If you look at what it takes to structure a successful consultancy model, talent comes pretty much top of the list once your market proposition is clearly defined.
Attracting and retaining talent is one of the biggest challenges we face, coupled with the need for that talent to be as diverse as possible – both in terms of gender and ethnicity, as well as broad-ranging industry experience.
As a result, consultancies of all sizes are committed to learning and development programmes as part of their drive to attract talent and fast-track abilities to grow and develop the consultancy offer.
Yet in my experience, time and time again, those strategies can be likened only to road-maintenance programmes, where potholes are filled, in the hope of providing a smooth surface to motor on. We identify gaps in an individual’s knowledge or skill set. Then, we plough our L&D investment into filling those gaps, rather than considering for a moment whether we might better serve the individual’s ambitions and the consultancy’s success by investing more in their areas of greater interest and strength. This would forge pillars of excellence, rather than a landscape of generalists.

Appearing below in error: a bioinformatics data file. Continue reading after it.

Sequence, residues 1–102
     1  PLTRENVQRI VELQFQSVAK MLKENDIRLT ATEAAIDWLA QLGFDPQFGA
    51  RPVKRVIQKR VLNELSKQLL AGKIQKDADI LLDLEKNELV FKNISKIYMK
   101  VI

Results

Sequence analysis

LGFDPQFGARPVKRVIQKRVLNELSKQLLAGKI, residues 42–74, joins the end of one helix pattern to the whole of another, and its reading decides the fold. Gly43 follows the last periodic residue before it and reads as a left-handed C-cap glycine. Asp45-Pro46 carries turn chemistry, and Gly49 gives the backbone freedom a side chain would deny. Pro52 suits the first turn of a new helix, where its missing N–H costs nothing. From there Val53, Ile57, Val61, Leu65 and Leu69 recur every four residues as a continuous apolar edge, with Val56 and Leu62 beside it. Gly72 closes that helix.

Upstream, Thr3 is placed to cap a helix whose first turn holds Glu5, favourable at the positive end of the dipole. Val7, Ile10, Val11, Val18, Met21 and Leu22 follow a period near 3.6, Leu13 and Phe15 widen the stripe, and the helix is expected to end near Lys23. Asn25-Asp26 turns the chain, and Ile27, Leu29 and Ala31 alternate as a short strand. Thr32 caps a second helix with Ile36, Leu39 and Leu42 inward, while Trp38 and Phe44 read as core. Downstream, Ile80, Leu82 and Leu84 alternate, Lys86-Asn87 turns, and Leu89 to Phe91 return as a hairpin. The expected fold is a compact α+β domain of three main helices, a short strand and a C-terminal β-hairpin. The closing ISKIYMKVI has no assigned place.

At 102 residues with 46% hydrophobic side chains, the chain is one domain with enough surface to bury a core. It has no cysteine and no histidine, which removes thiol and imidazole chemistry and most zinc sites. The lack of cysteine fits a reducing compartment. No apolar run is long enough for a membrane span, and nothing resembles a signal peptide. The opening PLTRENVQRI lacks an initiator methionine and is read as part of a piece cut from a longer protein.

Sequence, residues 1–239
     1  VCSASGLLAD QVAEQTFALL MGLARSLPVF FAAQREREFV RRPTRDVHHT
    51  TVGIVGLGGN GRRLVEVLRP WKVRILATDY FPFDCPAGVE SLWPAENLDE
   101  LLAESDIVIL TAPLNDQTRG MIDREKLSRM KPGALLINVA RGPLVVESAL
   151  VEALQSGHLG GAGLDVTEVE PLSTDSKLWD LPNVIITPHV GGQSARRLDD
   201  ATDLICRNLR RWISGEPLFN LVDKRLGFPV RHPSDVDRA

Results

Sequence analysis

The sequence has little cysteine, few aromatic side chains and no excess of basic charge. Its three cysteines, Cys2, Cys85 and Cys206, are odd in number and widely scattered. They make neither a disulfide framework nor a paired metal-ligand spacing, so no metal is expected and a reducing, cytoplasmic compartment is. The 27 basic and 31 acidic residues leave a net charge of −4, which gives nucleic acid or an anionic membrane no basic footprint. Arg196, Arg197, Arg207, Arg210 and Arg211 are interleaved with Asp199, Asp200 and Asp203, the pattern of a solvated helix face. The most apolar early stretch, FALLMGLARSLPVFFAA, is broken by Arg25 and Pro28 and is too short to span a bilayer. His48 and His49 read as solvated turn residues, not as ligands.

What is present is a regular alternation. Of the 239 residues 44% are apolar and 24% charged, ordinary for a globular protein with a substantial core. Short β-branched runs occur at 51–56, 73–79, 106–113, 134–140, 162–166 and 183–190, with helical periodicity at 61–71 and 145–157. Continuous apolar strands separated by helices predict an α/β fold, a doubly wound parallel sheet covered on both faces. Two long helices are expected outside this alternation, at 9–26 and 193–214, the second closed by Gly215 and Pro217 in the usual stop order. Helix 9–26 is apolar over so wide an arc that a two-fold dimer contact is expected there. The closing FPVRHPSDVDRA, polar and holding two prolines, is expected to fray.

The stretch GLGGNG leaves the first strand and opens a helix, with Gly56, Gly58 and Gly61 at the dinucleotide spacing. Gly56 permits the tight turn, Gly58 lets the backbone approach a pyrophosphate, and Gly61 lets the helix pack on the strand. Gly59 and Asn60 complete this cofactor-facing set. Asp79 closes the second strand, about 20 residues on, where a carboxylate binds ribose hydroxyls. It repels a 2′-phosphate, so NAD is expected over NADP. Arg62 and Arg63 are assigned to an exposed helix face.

Now I’m not denying that there are core skills that practitioners should have, and that need to be part of any basic training programme.
As an industry, we also need to better equip excellent practitioners for team and financial-management roles; these are often woefully inadequate as a result of little or no investment by the organisations that have promoted them.
However, in an industry built on the PESO (paid, earned, shared, owned) model, we need to celebrate, develop and reward a diverse and complementary set of skills. Clients buy consultancies for their experts, not generalists. They want confident recommendations, they welcome a team with a range of skills and they embrace being introduced to an expert for a key element of a programme’s strategy or delivery.
Next time you plan the budget around your talent pool, reconsider how development and training needs are identified within the review process. Once you are confident you have the basics well and truly covered, try investing in up-weighting particular skills within your spend. Challenge yourself to avoid the ‘pothole mentality’.
When you come to review whether your budget has been well spent, you will be pleasantly surprised. It’s likely you will find that staff surveys show that people are more positive about the firm recognising their particular skills and being able to see a career path developing for them.
You will find clients respond positively to identified expertise that can help their business. You will start to build complementary skills, and individuals will believe they can actively contribute to the success of the company. You might also just keep those great skills within the consultancy for longer.
Alison Clarke is a business consultant and mentor @pitchwitch
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